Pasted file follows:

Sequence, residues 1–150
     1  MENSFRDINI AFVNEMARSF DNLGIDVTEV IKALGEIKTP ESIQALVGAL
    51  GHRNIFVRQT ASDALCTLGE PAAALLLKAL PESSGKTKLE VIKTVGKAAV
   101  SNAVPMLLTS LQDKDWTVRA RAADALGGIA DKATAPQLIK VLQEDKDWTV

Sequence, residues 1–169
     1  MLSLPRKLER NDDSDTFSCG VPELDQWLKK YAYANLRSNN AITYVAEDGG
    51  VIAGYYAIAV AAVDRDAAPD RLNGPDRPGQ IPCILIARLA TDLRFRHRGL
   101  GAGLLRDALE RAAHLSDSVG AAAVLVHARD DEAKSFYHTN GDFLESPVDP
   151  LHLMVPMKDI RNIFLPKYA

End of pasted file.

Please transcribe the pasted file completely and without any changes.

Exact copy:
Sequence, residues 1–150
     1  MENSFRDINI AFVNEMARSF DNLGIDVTEV IKALGEIKTP ESIQALVGAL
    51  GHRNIFVRQT ASDALCTLGE PAAALLLKAL PESSGKTKLE VIKTVGKAAV
   101  SNAVPMLLTS LQDKDWTVRA RAADALGGIA DKATAPQLIK VLQEDKDWTV

Sequence, residues 1–169
     1  MLSLPRKLER NDDSDTFSCG VPELDQWLKK YAYANLRSNN AITYVAEDGG
    51  VIAGYYAIAV AAVDRDAAPD RLNGPDRPGQ IPCILIARLA TDLRFRHRGL
   101  GAGLLRDALE RAAHLSDSVG AAAVLVHARD DEAKSFYHTN GDFLESPVDP
   151  LHLMVPMKDI RNIFLPKYA